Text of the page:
“Don’t worry about me. I’m doing this more as a formality than anything. It just seemed wrong not to have some sort of funeral even though I don’t know why. I’m surprised anyone showed up. I had to bring this minister in from two counties over because everything is just so chaotic in the surrounding area,” Emma said and let out a sigh. “Leave it to mother to die during the worst possible time.”
“Well, I had to come and make sure you’re all right,” Amelia said and patted Emma on the back.
“I’ll be fine, Amelia, but I do appreciate you coming. I know you looked in on my mother, and even though she didn’t appreciate it, I do.”
“What about your brother and sister?” Amelia asked.
“I don’t know. I tried to call Ashley ten times and she would never answer or call back. Eventually, I just told her over voicemail. I hated to do that, but she needed to know. I spoke to Jared, and he’s not happy about the funeral thing. He hung up on me when I asked him to help pay for it.”
“Oh, no,” Amelia said.
“Well, things are strained. That’s what she wanted, you know. She delighted in watching us at each other’s throats when we were younger. It’s hard to get past that even as an adult,” Emma said.
The sound of approaching vehicles turned our attention away from our conversation. Two trucks and a minivan drove up and parked off the side of the gravel road half in the grass.
“Who could this be?” Amelia asked.
“I have no idea,” Emma said. “I’m not expecting anyone.”
“Oh, those are some of our neighbors,” Amelia said as men and women started to depart the vehicles. “Wonder why they’re here?”
But that became obvious as the people started pulling a grill out of one of the truck beds. The other contained three coolers. They cracked open the coolers. One contained meat and hot dogs, the other looked like it had containers of other food, and the third was full of ice and cold drinks.
“Are they… tailgating?” I asked in astonishment. “Are they tailgating at your mother’s funeral?”
Emma let out a strangled chuckle. “You know, that doesn’t surprise me one bit,” she said and turned back to her chair. “I’m just going to tell the minister to get started.”
“Remy, you should go over there and run them off,” I said. “I’ll help you.”
“No, it’s okay.” Emma said. “Let them have their fun. Heck, I might join them for a hot dog when the service is over. I’ll tell the minister to keep it short. I think a cold beer and a hot dog would be the best part of all of this mess. Now, let’s get this done.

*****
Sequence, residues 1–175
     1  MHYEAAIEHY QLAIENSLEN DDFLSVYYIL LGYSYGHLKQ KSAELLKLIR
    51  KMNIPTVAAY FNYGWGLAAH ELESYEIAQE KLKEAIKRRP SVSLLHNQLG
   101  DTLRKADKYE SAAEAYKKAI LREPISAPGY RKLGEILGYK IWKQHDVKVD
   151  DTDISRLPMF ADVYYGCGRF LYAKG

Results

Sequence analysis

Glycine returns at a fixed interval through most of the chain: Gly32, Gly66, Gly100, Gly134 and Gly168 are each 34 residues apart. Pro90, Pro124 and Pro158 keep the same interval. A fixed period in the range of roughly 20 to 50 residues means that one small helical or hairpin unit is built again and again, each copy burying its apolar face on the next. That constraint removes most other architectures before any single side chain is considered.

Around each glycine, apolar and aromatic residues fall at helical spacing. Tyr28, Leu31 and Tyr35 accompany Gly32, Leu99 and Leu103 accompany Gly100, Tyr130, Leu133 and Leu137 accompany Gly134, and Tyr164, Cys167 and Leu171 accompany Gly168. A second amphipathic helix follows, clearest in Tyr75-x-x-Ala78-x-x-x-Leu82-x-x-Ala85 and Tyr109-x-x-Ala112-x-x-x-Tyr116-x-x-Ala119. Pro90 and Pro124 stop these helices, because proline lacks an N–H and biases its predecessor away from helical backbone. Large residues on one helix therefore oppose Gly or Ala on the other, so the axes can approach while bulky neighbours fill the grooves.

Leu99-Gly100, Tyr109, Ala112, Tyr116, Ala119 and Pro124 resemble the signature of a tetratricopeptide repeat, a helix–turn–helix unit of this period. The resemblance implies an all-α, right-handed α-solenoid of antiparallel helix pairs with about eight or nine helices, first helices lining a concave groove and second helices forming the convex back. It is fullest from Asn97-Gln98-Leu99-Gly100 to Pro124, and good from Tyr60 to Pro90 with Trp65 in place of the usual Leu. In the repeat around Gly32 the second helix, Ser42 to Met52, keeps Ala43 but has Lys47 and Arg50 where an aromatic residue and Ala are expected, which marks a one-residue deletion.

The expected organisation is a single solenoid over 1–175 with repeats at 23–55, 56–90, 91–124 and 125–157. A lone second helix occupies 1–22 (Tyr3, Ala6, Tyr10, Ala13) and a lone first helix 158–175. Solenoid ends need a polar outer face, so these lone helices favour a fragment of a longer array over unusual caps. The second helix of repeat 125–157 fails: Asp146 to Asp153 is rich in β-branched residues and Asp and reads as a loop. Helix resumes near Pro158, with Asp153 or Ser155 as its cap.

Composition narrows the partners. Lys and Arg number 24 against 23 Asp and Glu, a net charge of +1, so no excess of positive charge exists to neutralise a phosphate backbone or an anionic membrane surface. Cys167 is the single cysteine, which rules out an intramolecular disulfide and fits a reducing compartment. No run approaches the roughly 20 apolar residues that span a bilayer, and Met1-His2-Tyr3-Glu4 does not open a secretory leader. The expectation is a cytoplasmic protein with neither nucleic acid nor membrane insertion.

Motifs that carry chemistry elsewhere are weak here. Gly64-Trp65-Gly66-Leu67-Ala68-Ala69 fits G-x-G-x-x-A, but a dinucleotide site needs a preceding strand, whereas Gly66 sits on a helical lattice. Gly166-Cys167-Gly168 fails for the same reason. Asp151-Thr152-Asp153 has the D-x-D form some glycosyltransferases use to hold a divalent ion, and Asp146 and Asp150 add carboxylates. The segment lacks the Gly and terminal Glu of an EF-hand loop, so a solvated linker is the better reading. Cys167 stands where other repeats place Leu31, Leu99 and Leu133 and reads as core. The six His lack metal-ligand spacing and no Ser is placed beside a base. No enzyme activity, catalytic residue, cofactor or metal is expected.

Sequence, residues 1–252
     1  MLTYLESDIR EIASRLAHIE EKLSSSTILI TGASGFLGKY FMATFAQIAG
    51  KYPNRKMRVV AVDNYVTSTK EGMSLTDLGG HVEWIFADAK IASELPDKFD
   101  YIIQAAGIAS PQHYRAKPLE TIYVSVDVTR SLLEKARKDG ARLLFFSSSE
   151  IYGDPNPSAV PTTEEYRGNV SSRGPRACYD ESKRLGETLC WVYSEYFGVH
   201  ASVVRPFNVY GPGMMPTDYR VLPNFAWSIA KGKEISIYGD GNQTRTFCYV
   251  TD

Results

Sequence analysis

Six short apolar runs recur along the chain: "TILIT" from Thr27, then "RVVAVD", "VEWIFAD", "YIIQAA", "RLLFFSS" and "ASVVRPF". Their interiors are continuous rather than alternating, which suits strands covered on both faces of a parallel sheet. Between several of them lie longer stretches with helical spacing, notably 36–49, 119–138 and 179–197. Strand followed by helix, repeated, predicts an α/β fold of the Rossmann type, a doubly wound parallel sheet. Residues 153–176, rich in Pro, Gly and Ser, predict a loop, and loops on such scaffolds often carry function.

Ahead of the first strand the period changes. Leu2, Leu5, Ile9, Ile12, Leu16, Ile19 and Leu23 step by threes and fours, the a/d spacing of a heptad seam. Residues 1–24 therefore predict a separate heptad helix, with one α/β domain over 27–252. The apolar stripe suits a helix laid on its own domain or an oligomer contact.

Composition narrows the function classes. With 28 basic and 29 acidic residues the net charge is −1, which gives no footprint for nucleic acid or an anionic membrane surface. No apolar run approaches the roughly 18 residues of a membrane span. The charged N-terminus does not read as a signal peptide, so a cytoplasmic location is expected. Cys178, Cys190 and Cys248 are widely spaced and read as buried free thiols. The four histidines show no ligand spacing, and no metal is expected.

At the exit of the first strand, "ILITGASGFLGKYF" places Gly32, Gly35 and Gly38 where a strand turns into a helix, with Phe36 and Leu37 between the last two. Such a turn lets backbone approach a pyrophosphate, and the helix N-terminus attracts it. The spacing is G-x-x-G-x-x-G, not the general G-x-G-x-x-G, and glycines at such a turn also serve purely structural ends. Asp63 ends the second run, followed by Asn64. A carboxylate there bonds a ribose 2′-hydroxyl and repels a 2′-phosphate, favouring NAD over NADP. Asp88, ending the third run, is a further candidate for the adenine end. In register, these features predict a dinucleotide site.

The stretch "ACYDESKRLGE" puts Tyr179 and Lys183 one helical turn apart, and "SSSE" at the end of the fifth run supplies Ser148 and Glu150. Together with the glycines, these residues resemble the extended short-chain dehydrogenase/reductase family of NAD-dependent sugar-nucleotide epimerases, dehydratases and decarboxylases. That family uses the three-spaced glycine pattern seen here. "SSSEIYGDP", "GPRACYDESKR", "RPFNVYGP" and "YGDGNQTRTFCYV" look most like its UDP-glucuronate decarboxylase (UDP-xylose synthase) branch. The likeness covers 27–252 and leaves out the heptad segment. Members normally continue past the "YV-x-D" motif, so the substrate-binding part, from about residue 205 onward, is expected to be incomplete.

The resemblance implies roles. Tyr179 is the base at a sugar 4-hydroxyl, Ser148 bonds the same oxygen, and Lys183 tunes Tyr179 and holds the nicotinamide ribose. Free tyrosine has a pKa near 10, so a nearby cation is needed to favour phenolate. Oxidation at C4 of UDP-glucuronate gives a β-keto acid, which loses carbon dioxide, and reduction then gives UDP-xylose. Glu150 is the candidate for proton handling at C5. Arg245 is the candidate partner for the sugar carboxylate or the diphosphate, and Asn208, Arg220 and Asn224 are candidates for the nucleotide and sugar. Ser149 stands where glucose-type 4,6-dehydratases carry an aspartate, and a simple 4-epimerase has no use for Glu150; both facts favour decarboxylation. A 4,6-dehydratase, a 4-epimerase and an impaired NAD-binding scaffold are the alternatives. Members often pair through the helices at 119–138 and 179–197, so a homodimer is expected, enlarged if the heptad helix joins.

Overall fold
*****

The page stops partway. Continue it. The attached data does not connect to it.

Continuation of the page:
Bourgeois, Sara. Wicked Witches of Coventry: Books One – Eleven. Kindle Locations (13732-13796). Kindle Edition.
This investigation is a bit difficult as obviously no one cared for Norah. Gunner was most appreciative for their help since he and his deputies are overwhelmed.
Siblings, neighbors, lawyers and more as this tale unfolds with more than a couple twists.
The only thing I have to say as this series ends, is that this book seems out of order. The previous book has more of Kinsley’s childhood, and the epilogue leads into the new series starring Meri and Kinsley.
That said, I truly enjoyed this series, it’s all fun quick reads, with the mysteries and Meri.
Needless to say I need more Meri so I’ve started the next series.
5 Contented Purrs for Sara!
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Sara Bourgeois is a Midwesterner through and through. She spends her time writing, reading, herding cats, and standing in her driveway during tornado warnings. (You can’t see them from the basement.)
2 thoughts on “Swept Away – Wicked Witches of Coventry Book 11 By Sara Bourgeois”
Great blog post! I loved reading the scene in the cemetery where Meri comes in and saves the day. It’s always interesting to see how the paranormal aspects are weaved into the story. I do have a question though – you mentioned that this book seems out of order compared to the previous one. Can you share more about that and why you think that is?
The previous book, Baby Broom takes us through Kinsley’s childhood and the epilogue when she’s 18. This book is her 1st birthday.